The Hawkes Bay Herald said in February 1868, 'For some time past there has been a growing desire on the part of the settlers to introduce the insectivorous birds of the mother country to protect the farmer from the ravages of the caterpillar and the grasshopper. We are glad to find that our Superintendent at the meeting of the Agricultural Society on Thursday expressed himself so favourably on the subject.'
When d'Urville visited Northland in 1826 he commented on the curious absence of various kinds of insects in the soil and vegetation of New Zealand. There were no butterflies, he observed, and therefore no caterpillars: 'No Coleoptera, no Lepidoptera, only a few Orthoptera, Hemiptera and Diptera, like locusts, crickets, bugs and flies.' It took only a few years of European settlement to change all that.
Earwigs were first noticed on railway stations, and probably arrived in the bottoms of crates. Cockroaches came in merchandise such as fruit. The cricket arrived from
While this bird, variously called the waxeye, white-eye or silvereye, is often considered to be a native, it is more likely to be a relatively modern introduction from Australia, an intruder that managed to arrive and acclimatise all by itself. The bird was first recorded by Captain Howell in the Milford Sound area in 1832, and then, in the 1850s, it began to migrate northwards, travelling in great numbers up the midribs of New Zealand. Waxeyes first appeared north of the Cook Strait in 1856, when they were suddenly abundant in Wellington, and were called 'the blight bird' by grateful orchardists who noticed that the visitors destroyed great quantities of the 'American blight', or, as it is now much more commonly known, woolly aphis. The waxeyes disappeared entirely after two or three months, to the mystification of all Wellington-ians, and then re-appeared in 1858, when they took up permanent citizenship. The to-ing and fro-ing was apparently, some sort of migration between the North and South Islands, a migratory habit which was probably the reason why the restless little bird arrived here from Australia in the first place. Since its establishment in New Zealand, the waxeye has migrated further: to the Chatham Island, the Kermadecs, the Auckland Islands, and the Campbell and Macquaries Islands.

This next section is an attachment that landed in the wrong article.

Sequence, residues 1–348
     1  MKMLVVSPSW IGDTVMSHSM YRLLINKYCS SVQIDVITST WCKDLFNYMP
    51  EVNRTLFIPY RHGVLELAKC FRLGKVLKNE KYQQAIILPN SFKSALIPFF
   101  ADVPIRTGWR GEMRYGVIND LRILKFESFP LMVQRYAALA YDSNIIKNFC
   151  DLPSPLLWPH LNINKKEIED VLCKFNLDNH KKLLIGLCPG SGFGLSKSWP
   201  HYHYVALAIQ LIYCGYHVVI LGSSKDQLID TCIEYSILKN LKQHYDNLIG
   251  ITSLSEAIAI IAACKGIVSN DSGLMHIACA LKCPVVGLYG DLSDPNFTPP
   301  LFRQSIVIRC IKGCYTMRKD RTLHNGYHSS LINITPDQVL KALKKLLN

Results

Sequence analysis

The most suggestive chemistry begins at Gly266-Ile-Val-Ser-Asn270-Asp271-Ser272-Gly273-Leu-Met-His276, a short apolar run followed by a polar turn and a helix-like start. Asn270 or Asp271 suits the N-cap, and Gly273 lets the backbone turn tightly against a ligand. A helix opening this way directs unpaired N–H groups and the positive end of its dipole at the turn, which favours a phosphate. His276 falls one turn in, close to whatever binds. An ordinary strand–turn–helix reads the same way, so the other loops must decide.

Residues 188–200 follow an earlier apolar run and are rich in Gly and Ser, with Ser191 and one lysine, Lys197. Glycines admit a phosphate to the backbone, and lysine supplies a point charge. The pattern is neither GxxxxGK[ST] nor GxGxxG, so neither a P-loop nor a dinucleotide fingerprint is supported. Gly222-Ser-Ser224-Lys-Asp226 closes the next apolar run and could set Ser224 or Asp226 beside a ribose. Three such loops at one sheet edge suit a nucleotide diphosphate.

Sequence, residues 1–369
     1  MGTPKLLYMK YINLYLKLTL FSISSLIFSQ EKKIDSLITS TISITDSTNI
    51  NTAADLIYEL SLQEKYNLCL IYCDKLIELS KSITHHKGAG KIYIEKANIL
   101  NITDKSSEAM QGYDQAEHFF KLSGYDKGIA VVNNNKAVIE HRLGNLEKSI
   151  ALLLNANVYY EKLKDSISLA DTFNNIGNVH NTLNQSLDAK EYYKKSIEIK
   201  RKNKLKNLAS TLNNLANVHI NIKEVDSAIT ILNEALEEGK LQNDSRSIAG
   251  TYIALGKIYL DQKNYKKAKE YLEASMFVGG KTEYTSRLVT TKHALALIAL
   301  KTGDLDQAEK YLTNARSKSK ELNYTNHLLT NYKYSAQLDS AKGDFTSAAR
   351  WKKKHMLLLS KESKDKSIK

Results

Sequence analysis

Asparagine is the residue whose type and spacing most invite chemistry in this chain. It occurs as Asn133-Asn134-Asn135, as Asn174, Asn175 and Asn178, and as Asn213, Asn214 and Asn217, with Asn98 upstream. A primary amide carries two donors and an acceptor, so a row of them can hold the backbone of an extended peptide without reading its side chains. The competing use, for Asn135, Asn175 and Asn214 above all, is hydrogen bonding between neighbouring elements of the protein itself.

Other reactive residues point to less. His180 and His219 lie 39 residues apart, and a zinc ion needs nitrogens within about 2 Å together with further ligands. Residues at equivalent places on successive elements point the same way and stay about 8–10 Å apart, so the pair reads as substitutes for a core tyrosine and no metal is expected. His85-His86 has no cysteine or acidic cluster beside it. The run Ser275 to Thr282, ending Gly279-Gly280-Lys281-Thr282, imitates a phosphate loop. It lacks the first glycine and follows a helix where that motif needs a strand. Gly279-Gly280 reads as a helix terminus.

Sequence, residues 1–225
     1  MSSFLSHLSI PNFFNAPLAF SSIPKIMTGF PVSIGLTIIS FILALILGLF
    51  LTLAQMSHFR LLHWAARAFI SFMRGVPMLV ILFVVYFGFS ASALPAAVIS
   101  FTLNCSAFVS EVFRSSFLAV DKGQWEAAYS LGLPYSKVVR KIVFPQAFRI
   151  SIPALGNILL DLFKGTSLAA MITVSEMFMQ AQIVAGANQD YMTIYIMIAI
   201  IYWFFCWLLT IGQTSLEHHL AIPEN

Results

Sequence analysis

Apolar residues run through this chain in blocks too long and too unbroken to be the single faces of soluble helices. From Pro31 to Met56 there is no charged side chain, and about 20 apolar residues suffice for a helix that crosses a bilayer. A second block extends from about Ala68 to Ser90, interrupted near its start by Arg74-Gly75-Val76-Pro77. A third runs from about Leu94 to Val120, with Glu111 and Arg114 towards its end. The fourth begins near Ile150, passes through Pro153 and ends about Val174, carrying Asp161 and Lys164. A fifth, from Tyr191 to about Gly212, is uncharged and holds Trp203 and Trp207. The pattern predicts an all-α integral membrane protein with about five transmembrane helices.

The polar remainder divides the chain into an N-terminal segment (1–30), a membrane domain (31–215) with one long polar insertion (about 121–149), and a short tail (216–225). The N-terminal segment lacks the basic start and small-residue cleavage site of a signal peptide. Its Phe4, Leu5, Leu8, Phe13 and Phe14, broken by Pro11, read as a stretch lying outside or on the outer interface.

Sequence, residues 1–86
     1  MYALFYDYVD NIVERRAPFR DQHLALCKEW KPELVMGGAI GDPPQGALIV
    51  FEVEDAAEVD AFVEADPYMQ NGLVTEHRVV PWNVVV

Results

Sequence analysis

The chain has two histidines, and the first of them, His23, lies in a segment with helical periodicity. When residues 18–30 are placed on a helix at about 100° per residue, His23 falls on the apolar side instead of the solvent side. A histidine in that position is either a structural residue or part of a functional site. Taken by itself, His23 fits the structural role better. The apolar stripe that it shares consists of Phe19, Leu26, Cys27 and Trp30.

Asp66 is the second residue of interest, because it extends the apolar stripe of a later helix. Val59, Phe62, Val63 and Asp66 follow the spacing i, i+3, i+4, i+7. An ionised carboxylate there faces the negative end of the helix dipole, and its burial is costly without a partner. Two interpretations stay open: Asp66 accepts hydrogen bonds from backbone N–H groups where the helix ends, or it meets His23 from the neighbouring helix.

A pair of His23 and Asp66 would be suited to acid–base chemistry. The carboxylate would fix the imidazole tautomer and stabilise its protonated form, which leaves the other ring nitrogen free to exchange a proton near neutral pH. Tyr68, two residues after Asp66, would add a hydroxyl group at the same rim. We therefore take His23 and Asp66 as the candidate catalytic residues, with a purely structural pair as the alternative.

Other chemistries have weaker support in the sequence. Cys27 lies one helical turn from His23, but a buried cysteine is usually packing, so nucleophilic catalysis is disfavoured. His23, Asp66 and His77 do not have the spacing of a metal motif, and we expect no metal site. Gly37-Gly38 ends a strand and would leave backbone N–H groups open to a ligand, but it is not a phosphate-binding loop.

The waxeye is a very successful colonist, now found in flocks along the coasts, in scrub and fern country, on the outskirts of the forests, and, of course, in suburban gardens. Its natural food consists of insects and nectar, so the farmer and gardener consider it a friend: it takes payment in the form of soft fruits at harvest. It cross-pollinates many native flowers, and is a disperser of native seeds. The bird is a snacky feeder, liking variety and constantly flitting from one type of food to another. It tends to suffer badly in winter and other times when food is short, so it is an eager client for anyone who puts out a bird table. In bad weather it feeds on the ground and doesn't appear to be very alert, so it is often caught by cats. For the same reason, more waxeyes are attacked and destroyed by predatory birds than any other small birds. However it is as adaptable and as reproductive as the sparrow, so despite ravages by cold weather, food shortages and predators, it seems that this visitor is definitely here to stay.